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American Prom offers hope that we are none of us so entrenched in our ways that we can’t change

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American Prom, Thursdays-Sundays through Feb. 10, times vary, Ent Center for the Arts, 5225 N. Nevada Ave., tickets start at $38.50, free for UCCS students, uccspresents.org. - ISAIAH DOWNING
  • Isaiah Downing
  • American Prom, Thursdays-Sundays through Feb. 10, times vary, Ent Center for the Arts, 5225 N. Nevada Ave., tickets start at $38.50, free for UCCS students, uccspresents.org.
Not every problem has an easy solution. In Idris Goodwin’s new play for TheatreWorks, American Prom, the audience learns this lesson in regard to complex systems of racism and homophobia, but we also learn that we must always strive to find the solution, easy or not. The play’s teenage protagonists Kia (Ilasiea Gray) and Jimmy (Mark Autry) stand no better equipped to address prejudice and privilege than the rest of their town, but they make some progress, and that proves to be enough.

Though the play examines our internalized prejudices, and the complacency that leads us to perpetuate those prejudices, Goodwin manages to add a lot of levity, even when dealing with difficult themes.

The story takes place in a small town called Principal, in “anywhere” America. For decades, local students have attended segregated proms by tradition rather than decree, but Jimmy wants to take his best friend Kia to the “white” prom, and from his place of privilege he doesn’t understand why she would refuse.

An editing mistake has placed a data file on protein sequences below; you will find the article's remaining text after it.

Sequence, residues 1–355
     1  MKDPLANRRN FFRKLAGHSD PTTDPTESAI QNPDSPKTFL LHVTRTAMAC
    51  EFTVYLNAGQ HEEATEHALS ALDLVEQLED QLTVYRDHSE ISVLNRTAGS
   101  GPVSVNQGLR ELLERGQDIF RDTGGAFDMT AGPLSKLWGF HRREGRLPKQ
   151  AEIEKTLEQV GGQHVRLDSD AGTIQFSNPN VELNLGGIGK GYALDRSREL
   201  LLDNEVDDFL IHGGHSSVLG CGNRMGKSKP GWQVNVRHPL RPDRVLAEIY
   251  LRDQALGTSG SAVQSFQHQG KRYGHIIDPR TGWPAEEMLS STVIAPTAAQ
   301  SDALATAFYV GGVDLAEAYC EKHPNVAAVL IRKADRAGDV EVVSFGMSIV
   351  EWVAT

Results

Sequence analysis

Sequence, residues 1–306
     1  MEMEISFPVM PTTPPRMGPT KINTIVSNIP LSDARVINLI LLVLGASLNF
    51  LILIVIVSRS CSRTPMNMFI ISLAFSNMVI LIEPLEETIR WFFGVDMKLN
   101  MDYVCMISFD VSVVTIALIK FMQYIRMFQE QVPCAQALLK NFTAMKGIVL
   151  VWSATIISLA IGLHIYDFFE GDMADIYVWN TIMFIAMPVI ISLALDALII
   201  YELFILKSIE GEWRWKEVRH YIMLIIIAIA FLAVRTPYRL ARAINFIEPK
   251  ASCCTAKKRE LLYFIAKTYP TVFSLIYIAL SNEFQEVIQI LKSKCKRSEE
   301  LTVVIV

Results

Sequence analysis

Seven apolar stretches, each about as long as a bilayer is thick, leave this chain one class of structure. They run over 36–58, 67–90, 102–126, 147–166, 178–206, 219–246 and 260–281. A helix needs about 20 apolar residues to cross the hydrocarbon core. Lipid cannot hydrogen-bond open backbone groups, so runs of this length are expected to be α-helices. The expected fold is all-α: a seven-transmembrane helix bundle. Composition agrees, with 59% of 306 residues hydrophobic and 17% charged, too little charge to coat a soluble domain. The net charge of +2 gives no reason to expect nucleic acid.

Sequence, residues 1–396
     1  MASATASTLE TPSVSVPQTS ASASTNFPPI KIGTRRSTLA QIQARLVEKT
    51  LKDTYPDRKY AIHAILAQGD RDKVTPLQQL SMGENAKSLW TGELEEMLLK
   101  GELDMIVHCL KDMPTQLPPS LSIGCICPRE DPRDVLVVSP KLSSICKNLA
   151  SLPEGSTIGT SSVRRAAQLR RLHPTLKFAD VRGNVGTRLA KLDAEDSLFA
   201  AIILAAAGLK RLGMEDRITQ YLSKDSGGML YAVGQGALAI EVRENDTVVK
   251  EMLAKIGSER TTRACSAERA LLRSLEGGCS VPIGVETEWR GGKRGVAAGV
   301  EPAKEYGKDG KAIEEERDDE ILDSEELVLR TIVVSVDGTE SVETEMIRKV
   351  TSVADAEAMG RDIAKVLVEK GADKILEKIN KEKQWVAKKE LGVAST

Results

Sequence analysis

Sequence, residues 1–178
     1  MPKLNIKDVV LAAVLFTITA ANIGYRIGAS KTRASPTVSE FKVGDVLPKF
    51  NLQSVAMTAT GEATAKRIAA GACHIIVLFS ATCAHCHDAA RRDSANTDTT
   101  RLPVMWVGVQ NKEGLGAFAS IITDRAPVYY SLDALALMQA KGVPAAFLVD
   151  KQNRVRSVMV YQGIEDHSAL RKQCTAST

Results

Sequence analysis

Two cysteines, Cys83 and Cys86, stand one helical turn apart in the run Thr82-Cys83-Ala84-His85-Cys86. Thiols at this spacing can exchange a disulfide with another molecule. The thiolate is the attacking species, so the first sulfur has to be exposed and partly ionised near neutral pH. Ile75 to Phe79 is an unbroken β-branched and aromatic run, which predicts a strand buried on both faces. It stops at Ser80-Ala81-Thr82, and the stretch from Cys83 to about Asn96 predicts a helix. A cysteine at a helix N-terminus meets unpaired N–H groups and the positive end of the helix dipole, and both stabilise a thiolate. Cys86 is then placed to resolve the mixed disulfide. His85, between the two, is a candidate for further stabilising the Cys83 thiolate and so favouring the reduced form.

Interwoven with poetic asides by the townspeople of Principal, functioning almost like a Greek chorus, the story follows Jimmy and Kia’s quest to host a dance for everyone — every race, every sexuality and every student — in Jimmy’s dad’s garage.
Gray, in the role of Kia, knocks it out of the park from moment go, with an infectious smile and a bold personality, though she handles her heavier emotional scenes with gut-wrenching gravity. Autry in the role of Jimmy comes off endearing, if a little awkward, and his attempts to rap definitely contribute to some of the show’s many laughs. A particular joy of the play, Iz Icon (Jimmy’s favorite hip-hop artist, played by Tre’Vonne Bell), struts around the stage with infectious charm and energy.

All these performances take place against the backdrop of Jimmy Sr.’s garage, a brilliantly designed set with plentiful engaging details (credit to Lawrence Moten, Sarah Shaver, Mike Wood and RJ Jackson for stellar design work). This includes fluid and effective lighting that changes color as the kids rap or sing or otherwise lose themselves in music — a thread that ties the whole story together.



It feels appropriate that most character development takes place through music. Goodwin, an accomplished poet as well as a playwright, has woven his passion for wordplay and rhythm into the story to excellent effect.

And, while the play offers no solution to the issues it presents, it offers hope that we are none of us so entrenched in our ways that we can’t change.

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